The patient sought another opinion at an academic movement disorders center and was given the diagnosis of a FND based on the phenomenology of his spells and intermittent resolution of symptoms. Given the severity of his disorder, he was referred to our center for admission to an inpatient multidisciplinary treatment program. Examination in our clinic showed a pleasant elderly male in a wheelchair with anxious affect. He was fully alert and oriented and had a normal score on the Montreal Cognitive Assessment. Examination of cranial nerves II-XII was unremarkable. His motor strength was 5/5 in all extremities, DTR were symmetric and rated 2+ and sensory examination was normal. He had no tremor or other involuntary movements and no limb ataxia was present. Despite his normal strength testing, he had great difficulties with getting up from a chair and initiating gait. He had straps attached around his thighs and pulled on both straps while walking in order to move his legs, giving his gait a marionette-like appearance (see video on PracticalNeurology.com). During the examination, he developed an unusual spell with severe dysarthria and reported inability to move either arms or legs. However, with appropriate encouragement, he continued to demonstrate full strength on individual muscle testing. Irregular, high amplitude flailing movements were present in both arms. His gait and speech spontaneously returned to baseline after 15 minutes. He had no prior history of weakness or gait difficulties earlier in life and denied a history of seizures, preceding physical trauma, fevers or sick contacts. He denied any psychological stressors preceding the onset of his symptoms. He was a retired car salesman, denied smoking or drug use and had no family history of neurologic disorders. A neuropsychological assessment revealed normal cognitive function and mild depression and anxiety. We agreed with the diagnosis of FND and recommended inpatient admission for rehabilitation. The patient was admitted for a one-week multidisciplinary treatment program based on the principles of motor retraining9 and cognitive behavioral therapy. He improved greatly over the course of the week. In fact, by the third day he had no further episodes of weakness or dysarthria. He has been able to maintain treatment success with home exercises at six-month follow-up.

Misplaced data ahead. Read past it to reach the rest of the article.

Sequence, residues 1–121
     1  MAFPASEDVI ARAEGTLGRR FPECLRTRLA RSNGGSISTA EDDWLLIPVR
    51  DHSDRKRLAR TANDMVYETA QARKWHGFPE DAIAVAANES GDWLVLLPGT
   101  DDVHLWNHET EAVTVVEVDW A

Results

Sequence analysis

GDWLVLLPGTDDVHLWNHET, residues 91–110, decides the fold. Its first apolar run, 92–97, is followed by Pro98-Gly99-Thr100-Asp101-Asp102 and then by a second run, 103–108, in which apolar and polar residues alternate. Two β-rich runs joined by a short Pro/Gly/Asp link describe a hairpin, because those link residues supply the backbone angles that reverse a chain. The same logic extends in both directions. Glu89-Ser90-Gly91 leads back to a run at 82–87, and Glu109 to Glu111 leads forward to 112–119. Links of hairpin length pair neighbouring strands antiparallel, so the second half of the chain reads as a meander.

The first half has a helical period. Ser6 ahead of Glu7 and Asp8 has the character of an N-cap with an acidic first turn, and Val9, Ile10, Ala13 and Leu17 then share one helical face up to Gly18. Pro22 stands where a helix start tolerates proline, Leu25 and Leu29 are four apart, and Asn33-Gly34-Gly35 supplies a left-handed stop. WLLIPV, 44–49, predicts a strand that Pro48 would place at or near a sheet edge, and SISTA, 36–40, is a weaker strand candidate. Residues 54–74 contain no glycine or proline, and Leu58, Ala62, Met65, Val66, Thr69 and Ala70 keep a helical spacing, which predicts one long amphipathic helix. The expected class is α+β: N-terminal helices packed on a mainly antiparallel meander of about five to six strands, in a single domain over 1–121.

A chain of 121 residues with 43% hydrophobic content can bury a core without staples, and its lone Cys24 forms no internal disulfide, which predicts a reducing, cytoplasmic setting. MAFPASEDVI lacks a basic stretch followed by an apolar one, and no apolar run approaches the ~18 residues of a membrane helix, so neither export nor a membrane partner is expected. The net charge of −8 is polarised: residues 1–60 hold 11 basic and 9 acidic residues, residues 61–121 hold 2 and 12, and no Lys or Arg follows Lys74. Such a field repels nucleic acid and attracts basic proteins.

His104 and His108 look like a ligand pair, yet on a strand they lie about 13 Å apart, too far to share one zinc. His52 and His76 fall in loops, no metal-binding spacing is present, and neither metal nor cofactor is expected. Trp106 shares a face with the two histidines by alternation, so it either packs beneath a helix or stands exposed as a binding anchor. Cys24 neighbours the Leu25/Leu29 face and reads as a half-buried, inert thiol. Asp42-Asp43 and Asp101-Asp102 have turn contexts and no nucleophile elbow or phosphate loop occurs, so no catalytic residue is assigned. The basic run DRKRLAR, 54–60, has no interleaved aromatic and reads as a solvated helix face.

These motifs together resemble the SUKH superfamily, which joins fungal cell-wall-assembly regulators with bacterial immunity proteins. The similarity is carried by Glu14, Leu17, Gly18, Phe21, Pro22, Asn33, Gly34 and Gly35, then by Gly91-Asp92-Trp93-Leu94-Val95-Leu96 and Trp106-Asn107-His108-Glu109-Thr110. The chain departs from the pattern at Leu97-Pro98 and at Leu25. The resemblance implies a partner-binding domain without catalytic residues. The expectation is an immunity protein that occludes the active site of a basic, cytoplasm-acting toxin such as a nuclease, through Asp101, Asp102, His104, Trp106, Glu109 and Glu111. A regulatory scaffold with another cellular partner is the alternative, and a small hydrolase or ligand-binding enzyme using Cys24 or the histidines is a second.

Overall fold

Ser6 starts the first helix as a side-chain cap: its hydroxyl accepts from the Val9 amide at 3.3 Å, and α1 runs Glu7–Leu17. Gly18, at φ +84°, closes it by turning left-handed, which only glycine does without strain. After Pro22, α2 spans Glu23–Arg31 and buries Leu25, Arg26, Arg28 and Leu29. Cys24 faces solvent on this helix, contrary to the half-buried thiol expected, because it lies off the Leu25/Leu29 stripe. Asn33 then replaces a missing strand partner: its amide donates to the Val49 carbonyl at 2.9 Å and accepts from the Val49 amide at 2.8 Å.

Our patient presented with typical symptoms of a FND, characterized by paroxysmal weakness and dysarthria with variable and non-congruent findings on examination. Other typical features included the acute onset of symptoms and normal diagnostic imaging and electrophysiologic studies. A recent study demonstrated that the clinical assessment is most decisive in making a diagnosis of FND,10 with the caveat that neurologists need to be familiar with typical signs and symptoms of these disorders. Given the high prevalence of FND in neurologic practice, greater emphasis should be placed on teaching residents and practicing neurologists about diagnosis and management of these conditions. As already mentioned, the current DSM-V criteria (Table 1) do not require the presence of a preceding psychological stress factor for diagnosis of FND. Of note, the latest version of the International Classification of Disease (ICD-11), which is due to be finalized this year, will for the first time include functional neurological disorders within the “neurology” rather than “psychiatry” section.
Our case demonstrates that patients with FND frequently experience a delay in diagnosis, as many practitioners order extensive diagnostic studies and inappropriately consider FND a diagnosis of exclusion. Neurologists without special training in movement disorders may also be hesitant of making a diagnosis of FND in elderly patients and in the absence of apparent psychological trauma. Further complicating factors in the management of FND is the misperception by some practitioners that patients are voluntarily producing their symptoms in order to have secondary gains such as disability benefits, which in our experience is rarely the case.
Left untreated, the prognosis of FND is generally poor and patients often experience a chronic course of the disorder.11 Receiving the correct diagnosis in a timely fashion is important to avoid unnecessary and potentially harmful diagnostic testing and treatments as in our case and facilitate referral for appropriate therapies.12 Despite the delay in diagnosis, our patient was able to recover normal neurologic function with a short inpatient treatment approach. Familiarity with the common phenomenology of FND, patient counseling, and referral to appropriate therapies can lead to very satisfactory treatment outcomes.
The authors are grateful to Dr. Darryl Kaelin and the multidisciplinary rehabilitation team at Frazier Rehab Institute in Louisville, KY, for outstanding treatment of our FND patients.
Kathrin LaFaver, MD is Assistant Professor of Neurology at the University of Louisville School of Medicine.
Tapan Abrol, MD is a resident at the University of Louisville School of Medicine.
For more coverage of functional movement disorders, see article in the March 2017 edition of Practical Neurology®, entitled “’It’s Not In Your Head’: Navigating the Challenges of a Functional Movement Disorder Diagnosis,” by Katie Kompoliti, MD.